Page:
We then started building an online community through social media outreach. This gave us an insight into what people think, how they think and what points or platforms can be a catalyst or a game changer in shaking the status quo in our society with regards to trafficking for sexual exploitation. We wanted to build an army that would join us in our cry to end demand for vulnerable young girls and women.
How did you take it further?
At this point, the crowd funding not only helped us prepare for the amazing opportunity to bring out our first set of public installations in future but also gave us a golden opportunity to create the MISSING Game for a Cause. This was a one-of-its-kind gaming app, engaging the public by putting them into the shoes of a trafficker.
We also thought of a means of powerful public engagement at the ground level – something that was very visual as well as impactful, with a high recall. That is how the stencil project came to life through the MISSING silhouette.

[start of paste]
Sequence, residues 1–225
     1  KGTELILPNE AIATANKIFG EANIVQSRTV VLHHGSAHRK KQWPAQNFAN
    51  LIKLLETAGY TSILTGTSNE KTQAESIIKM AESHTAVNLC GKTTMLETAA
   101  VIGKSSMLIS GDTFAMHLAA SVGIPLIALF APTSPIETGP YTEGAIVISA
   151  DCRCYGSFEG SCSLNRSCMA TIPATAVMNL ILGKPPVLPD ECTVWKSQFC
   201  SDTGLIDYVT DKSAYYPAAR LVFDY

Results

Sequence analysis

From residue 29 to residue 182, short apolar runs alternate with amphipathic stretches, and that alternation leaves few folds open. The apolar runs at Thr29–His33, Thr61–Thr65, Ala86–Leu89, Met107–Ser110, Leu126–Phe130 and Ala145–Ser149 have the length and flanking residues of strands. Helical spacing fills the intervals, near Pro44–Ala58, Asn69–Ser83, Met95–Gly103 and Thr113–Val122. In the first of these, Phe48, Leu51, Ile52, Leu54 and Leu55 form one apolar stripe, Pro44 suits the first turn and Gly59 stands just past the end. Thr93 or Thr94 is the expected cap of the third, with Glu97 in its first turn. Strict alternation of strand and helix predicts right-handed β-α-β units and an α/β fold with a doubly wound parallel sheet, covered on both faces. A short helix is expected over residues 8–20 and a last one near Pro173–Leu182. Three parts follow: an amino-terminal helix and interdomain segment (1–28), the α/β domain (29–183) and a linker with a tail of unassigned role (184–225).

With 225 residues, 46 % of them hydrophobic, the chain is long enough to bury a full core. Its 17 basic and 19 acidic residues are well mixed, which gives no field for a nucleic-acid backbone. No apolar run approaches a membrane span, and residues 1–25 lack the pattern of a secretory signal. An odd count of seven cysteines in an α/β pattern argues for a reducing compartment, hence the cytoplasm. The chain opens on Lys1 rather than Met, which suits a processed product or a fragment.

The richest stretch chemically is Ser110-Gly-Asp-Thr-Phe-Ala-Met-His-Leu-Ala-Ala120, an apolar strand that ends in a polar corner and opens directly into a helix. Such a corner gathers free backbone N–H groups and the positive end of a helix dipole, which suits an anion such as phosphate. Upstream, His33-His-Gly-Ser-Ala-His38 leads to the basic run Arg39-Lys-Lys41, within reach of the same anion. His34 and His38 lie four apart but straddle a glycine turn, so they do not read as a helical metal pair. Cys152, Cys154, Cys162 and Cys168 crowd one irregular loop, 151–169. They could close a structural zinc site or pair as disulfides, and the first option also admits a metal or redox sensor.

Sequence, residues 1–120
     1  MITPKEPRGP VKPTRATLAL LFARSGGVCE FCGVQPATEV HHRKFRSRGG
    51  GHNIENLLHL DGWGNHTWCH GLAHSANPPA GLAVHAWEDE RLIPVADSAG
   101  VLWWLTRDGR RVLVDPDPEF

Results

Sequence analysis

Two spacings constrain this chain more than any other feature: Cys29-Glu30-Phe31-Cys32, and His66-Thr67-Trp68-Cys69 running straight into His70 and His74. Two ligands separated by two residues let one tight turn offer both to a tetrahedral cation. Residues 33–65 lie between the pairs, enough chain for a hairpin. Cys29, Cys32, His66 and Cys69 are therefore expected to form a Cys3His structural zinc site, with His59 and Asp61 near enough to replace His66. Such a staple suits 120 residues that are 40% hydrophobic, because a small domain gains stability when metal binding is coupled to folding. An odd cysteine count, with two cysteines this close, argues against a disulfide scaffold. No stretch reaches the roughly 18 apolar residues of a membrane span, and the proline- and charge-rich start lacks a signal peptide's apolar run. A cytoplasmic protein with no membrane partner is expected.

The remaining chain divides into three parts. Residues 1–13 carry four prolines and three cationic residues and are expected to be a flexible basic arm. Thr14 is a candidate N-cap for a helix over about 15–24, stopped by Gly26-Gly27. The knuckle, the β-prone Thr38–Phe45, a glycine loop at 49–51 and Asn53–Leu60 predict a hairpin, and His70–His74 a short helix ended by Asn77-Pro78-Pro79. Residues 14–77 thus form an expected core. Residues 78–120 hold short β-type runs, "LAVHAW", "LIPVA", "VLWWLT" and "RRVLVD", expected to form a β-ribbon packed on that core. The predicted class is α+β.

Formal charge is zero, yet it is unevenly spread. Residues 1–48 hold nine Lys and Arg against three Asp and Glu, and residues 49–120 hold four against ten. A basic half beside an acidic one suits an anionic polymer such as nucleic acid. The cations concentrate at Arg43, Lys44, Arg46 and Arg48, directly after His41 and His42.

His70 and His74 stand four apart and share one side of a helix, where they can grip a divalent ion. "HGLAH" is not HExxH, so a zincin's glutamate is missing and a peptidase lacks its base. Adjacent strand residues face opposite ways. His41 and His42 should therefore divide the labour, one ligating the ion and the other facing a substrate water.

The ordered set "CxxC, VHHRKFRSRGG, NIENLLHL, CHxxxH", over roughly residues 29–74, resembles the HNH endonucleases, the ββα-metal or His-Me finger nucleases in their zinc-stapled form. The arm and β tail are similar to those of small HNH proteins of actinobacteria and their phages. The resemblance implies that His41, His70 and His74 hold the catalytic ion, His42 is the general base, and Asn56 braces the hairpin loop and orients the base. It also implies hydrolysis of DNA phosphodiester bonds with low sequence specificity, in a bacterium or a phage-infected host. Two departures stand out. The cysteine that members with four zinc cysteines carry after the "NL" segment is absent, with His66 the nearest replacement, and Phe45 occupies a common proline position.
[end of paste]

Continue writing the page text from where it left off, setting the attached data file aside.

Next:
The MISSING silhouette is seen again and again across the country in the street stencil project. We collaborated with Every 8 Minutes (a campaign to stop child trafficking) to take the MISSING silhouette through an awareness campaign in the thick of the red light areas of the country. To engage the youth we conducted awareness campaigns with Jamghat, PPES, Anupshahr, RAHAT, Kishanganj, STOP, Nedan Foundation, Kokrajhar, and Udayan Care in Delhi; Paint Our World in Kolkata; Vatsalya in Jaipur; Prerna in Mumbai; and APSA in Bangalore. We realized the power of the stencil. It has become the most visual and powerful part of the MISSING campaign.